Tuesday, March 01, 2016


Getting the Question Right

Quick quiz: among which group is the student loan default rate the highest?

  1. college dropouts
  2. associate degree graduates
  3. bachelor’s degree graduates
  4. they’re the same

The answer is a.  Even though they have the lowest balances -- having spent the fewest semesters in college -- dropouts have the highest default rates.  

That’s worth emphasizing.  The people with the lowest outstanding balances have the highest default rates.  It’s counterintuitive, but fundamental.  

The issue of defaults is separate from the issue of “loan burdens.”  Above zero, they’re almost inversely related.  When we hear talk of “saddling” students with debt, we need to be very careful to note exactly what we’re talking about.

The key issues here are completion and starting salaries.  Students who complete degrees have higher debt burdens, yes, but they’re much more capable of paying them off, because they make so much more.  

It’s possible to find the occasional loquacious SLAC grad with six figures of debt working at a Starbucks, but those aren’t representative.  They’re outliers.  The real story of student loan struggles is the student who dropped out of community college after a semester owing $1,500.  

Yesterday’s post was a response to a proposal by Neal McCluskey, in the Wall Street Journal, to move student lending to banks and allow them to judge the academic fitness of prospective students.  I took offense at the prospect of replacing universal access to higher education with screening done by the same people who caused the mortgage crisis.  McCluskey responded, in part:

Reed next argues that many debts are hard to repay because “entry-level jobs don’t pay very well,” and he laments that “McCluskey never addresses either the supply of entry-level jobs, or the minimum wage.”  Again, you only get so many words in an op-ed, so you simply can’t tackle everything. But Reed’s argument shines a negative light not on me, but what he apparently thinks college prepares many people for: entry-level jobs often paying, he implies, minimum wage. If that’s the case, what is the point, at least economically, of getting a degree? And if it is the case that you now need a degree to get a minimum-wage, entry-level job, does that not at least suggest – even to a non-heartless person – that we are suffering from massive credential inflation spurred by too many people going to college? And is allowing someone to take on substantial debt not a very dangerous proposition if their likely destination is minimum-wage employment?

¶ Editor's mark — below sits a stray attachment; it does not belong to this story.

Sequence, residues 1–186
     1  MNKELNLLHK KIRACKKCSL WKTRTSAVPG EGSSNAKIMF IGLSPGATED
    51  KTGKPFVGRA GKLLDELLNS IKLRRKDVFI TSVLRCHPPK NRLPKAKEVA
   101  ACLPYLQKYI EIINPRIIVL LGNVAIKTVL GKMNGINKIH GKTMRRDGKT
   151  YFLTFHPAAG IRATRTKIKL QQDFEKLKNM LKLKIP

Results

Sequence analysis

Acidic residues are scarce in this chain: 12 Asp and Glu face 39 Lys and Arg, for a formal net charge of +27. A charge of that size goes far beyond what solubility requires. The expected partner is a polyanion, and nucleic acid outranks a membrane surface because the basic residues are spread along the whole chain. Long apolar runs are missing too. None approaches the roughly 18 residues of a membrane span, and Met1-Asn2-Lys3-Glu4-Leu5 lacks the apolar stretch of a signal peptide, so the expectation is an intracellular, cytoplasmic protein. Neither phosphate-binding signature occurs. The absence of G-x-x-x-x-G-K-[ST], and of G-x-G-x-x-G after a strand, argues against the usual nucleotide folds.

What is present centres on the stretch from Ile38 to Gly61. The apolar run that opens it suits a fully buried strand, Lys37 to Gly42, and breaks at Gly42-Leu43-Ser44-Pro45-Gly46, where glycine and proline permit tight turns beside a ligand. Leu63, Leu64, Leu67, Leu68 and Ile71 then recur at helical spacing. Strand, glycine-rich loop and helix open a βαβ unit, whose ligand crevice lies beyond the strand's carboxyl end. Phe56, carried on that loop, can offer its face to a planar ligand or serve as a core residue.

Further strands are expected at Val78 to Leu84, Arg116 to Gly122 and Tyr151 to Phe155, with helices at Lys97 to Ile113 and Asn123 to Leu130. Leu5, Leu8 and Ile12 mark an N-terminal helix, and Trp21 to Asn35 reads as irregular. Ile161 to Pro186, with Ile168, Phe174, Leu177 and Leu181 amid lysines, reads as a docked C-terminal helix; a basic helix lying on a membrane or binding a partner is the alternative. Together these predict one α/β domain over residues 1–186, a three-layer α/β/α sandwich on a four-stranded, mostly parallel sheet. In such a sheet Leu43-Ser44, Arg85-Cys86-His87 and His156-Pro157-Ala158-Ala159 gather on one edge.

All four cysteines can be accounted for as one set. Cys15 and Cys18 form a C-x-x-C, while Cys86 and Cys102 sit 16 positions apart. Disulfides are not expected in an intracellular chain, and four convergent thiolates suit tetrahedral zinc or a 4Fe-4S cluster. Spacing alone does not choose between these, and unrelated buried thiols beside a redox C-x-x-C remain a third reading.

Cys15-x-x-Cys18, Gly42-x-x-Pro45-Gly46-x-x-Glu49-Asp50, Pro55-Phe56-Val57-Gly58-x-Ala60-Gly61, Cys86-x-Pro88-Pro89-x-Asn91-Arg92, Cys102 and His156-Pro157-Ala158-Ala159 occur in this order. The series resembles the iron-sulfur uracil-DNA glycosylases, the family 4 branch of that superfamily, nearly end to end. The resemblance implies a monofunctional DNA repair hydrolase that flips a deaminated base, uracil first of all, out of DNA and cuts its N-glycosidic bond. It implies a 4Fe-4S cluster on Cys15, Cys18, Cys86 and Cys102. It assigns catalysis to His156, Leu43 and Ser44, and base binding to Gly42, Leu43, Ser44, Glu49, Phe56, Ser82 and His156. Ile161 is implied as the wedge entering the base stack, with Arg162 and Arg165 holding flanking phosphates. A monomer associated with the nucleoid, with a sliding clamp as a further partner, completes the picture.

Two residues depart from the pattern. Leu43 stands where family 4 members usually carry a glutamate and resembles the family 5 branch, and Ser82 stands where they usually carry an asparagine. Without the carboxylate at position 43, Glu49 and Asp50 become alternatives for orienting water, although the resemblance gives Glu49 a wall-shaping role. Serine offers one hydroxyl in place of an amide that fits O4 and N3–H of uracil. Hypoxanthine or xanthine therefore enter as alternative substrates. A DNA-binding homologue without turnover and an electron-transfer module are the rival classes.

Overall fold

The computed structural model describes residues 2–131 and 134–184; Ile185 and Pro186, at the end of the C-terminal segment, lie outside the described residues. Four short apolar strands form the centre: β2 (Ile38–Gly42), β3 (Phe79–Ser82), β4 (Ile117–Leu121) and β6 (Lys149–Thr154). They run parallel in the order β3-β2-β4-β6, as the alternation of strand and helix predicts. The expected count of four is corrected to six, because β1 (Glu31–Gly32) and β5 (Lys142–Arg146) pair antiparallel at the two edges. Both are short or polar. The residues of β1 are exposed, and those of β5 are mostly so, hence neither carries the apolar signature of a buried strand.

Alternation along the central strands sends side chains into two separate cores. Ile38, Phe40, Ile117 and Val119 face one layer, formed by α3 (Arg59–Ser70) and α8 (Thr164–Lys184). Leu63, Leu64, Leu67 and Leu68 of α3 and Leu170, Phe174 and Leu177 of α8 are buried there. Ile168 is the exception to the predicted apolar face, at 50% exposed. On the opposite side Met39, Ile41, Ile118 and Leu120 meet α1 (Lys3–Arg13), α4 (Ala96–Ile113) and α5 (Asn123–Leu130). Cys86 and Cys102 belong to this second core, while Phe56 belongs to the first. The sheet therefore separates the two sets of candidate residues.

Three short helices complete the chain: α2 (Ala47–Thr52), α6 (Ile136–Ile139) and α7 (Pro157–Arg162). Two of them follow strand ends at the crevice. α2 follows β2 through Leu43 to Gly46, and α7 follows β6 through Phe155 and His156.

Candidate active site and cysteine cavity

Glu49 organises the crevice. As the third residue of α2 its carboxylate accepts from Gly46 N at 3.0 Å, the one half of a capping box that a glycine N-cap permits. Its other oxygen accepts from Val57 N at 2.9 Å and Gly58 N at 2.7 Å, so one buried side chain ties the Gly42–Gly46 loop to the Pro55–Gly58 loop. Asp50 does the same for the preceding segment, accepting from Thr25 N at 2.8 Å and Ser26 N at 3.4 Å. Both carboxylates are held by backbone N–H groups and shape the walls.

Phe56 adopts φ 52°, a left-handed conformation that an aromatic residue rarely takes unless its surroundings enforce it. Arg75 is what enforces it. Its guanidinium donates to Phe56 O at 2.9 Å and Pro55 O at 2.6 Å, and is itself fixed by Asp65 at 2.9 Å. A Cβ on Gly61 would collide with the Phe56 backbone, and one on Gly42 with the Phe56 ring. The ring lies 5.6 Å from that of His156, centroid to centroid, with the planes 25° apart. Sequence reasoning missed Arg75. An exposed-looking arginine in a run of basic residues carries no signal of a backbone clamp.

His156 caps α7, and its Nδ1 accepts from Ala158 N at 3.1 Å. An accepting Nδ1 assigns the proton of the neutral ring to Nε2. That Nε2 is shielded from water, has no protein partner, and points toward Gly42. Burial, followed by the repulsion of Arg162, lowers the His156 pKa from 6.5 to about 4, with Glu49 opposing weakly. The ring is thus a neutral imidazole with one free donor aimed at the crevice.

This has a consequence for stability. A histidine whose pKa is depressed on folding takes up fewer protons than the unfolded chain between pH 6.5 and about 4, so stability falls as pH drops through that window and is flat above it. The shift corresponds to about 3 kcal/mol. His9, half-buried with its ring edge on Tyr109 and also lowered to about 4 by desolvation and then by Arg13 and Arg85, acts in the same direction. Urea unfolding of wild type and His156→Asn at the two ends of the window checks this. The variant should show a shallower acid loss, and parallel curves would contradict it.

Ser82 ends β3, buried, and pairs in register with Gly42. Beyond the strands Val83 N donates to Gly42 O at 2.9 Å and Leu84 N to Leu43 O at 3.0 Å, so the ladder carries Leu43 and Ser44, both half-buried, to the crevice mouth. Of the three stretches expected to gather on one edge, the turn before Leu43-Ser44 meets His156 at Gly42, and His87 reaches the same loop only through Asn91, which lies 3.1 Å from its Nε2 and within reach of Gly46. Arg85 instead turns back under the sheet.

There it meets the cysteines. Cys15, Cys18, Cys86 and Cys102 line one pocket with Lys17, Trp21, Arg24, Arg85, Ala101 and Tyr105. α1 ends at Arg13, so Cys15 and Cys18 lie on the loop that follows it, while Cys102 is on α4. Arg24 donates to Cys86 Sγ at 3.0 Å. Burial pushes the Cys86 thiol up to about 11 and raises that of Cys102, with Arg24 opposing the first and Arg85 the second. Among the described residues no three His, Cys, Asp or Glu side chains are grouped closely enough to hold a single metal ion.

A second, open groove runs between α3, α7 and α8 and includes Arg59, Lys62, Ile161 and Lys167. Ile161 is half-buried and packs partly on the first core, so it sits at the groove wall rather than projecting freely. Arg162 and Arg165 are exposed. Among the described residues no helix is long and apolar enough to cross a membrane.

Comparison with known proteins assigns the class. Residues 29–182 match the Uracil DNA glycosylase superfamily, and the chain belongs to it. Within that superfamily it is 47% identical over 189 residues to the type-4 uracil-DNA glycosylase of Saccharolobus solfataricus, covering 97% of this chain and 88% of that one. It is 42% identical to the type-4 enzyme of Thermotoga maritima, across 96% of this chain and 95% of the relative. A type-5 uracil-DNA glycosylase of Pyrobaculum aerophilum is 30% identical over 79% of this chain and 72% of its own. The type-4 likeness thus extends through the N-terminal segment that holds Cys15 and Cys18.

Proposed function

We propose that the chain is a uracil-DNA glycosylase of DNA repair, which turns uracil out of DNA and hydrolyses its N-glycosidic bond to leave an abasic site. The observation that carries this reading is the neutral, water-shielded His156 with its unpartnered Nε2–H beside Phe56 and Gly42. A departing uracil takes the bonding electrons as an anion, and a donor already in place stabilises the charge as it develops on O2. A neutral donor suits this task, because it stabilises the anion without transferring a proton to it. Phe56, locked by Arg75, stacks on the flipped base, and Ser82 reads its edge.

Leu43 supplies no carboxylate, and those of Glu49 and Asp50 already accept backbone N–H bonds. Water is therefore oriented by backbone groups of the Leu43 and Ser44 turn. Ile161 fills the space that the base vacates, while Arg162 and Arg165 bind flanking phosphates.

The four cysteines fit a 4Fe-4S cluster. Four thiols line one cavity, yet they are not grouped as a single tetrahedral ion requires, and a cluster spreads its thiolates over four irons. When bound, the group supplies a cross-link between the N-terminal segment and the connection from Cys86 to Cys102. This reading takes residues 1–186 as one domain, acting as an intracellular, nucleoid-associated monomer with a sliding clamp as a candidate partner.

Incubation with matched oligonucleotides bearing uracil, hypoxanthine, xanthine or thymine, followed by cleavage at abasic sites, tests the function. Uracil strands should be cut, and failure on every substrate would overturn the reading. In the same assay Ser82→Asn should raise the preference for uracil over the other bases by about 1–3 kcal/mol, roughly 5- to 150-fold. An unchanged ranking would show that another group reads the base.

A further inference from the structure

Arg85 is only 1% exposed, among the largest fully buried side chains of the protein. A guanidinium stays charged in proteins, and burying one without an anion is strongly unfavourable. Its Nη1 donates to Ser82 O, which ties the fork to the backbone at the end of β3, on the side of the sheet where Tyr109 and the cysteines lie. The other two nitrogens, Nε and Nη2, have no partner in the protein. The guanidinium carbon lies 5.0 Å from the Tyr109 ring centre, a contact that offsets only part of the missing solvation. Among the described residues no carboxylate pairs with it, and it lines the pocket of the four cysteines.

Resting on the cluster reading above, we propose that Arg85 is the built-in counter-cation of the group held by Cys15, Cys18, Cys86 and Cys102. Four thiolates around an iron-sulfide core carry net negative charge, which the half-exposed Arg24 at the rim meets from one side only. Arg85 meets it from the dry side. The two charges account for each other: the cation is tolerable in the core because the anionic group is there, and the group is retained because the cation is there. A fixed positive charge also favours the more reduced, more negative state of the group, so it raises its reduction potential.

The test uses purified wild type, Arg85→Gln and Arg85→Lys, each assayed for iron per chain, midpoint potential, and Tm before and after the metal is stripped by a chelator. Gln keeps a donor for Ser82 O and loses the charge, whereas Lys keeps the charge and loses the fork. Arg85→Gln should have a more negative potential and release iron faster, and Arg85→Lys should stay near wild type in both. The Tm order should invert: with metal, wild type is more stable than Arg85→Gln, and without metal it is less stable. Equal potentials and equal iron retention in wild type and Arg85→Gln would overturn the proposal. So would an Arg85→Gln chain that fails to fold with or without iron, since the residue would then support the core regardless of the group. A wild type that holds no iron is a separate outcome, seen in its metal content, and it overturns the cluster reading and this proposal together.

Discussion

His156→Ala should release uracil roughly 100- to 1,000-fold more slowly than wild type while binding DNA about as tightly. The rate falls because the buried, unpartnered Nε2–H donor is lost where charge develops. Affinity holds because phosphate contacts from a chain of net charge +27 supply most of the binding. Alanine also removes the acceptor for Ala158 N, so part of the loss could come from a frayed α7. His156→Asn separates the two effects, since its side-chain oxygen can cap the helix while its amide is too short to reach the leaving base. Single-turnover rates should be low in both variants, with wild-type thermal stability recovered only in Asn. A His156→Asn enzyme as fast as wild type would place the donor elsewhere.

No, that’s not it at all.  He’s conflating graduates with defaulters.  The default problem is a dropout problem, not a graduate problem.  The minimum wage is relevant for dropouts, not graduates.  Graduates do quite well on paying back loans.  That’s a key difference between community colleges (as a sector) and for-profit colleges (as a sector).  

If the great fear is saddling people with debts they can’t pay -- an outcome I don’t desire any more than McCluskey does -- then a one-two punch of free (or much less expensive) community college and a higher minimum wage should do the trick quite nicely.  And that combination would retain universal access, which is both an ethical and a political imperative.  

In the meantime, let’s go about solving the right problems.  That begins with noting where the problems are.

You are spot on in your attack on his straw man, because you never said or even implied that all college does is prepare people for minimum wage entry-level jobs, but I can't help but notice that he also seems ignorant of the massive credential deflation that is a high school degree. There is a reason that "some college credit" has value in today's job market.

Like a friend of mine at a nearby university, he conflates "high school graduate" with "high school graduates that are admitted to a flagship university". (He might even conflate it with HS grads that enroll at Georgetown, where he went to college, an even more egregious error.) I'd like to know where he taught HS English if he thinks the bottom third of HS graduates and dropouts with a GED are ready for most of the minimum or near-minimum wage entry-level jobs in this country. The sad fact is that "no college credit" has little value, unless you are already Georgetown material, and the minimum wage is but a fraction of what it was when I got out of HS. It would be much better if the first semester's tuition could be handled by someone with a minimum wage job, but folks like the Cato Institute don't want to fund colleges or pay a living wage. They are about to get Trumped for their efforts.

So I blame the "graduate everyone from HS" push that has gone on for several decades for part of the default problem you focus on, with the rest due to the minimum wage. He should be thankful that colleges still flunk people. That is what makes "some college credit" have more value than none at all.
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